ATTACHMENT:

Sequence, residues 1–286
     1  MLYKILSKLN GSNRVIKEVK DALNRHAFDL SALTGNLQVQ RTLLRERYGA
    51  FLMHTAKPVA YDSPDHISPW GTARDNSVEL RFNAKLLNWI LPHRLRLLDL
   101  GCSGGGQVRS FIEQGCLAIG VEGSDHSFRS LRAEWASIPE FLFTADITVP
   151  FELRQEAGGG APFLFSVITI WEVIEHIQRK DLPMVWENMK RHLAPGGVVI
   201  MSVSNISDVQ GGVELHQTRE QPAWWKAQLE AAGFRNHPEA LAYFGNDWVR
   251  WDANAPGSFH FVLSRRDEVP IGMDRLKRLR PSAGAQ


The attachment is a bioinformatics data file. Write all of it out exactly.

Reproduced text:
Sequence, residues 1–286
     1  MLYKILSKLN GSNRVIKEVK DALNRHAFDL SALTGNLQVQ RTLLRERYGA
    51  FLMHTAKPVA YDSPDHISPW GTARDNSVEL RFNAKLLNWI LPHRLRLLDL
   101  GCSGGGQVRS FIEQGCLAIG VEGSDHSFRS LRAEWASIPE FLFTADITVP
   151  FELRQEAGGG APFLFSVITI WEVIEHIQRK DLPMVWENMK RHLAPGGVVI
   201  MSVSNISDVQ GGVELHQTRE QPAWWKAQLE AAGFRNHPEA LAYFGNDWVR
   251  WDANAPGSFH FVLSRRDEVP IGMDRLKRLR PSAGAQ